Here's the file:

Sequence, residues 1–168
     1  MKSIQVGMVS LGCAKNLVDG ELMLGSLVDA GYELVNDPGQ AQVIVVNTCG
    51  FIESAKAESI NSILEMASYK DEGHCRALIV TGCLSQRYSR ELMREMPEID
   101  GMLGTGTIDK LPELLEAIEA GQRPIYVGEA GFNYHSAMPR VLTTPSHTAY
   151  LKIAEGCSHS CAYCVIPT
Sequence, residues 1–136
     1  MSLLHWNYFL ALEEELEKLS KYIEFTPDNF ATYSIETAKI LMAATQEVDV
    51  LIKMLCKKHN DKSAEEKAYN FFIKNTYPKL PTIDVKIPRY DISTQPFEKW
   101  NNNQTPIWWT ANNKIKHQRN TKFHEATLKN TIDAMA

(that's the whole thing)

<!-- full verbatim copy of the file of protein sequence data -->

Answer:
Sequence, residues 1–168
     1  MKSIQVGMVS LGCAKNLVDG ELMLGSLVDA GYELVNDPGQ AQVIVVNTCG
    51  FIESAKAESI NSILEMASYK DEGHCRALIV TGCLSQRYSR ELMREMPEID
   101  GMLGTGTIDK LPELLEAIEA GQRPIYVGEA GFNYHSAMPR VLTTPSHTAY
   151  LKIAEGCSHS CAYCVIPT
Sequence, residues 1–136
     1  MSLLHWNYFL ALEEELEKLS KYIEFTPDNF ATYSIETAKI LMAATQEVDV
    51  LIKMLCKKHN DKSAEEKAYN FFIKNTYPKL PTIDVKIPRY DISTQPFEKW
   101  NNNQTPIWWT ANNKIKHQRN TKFHEATLKN TIDAMA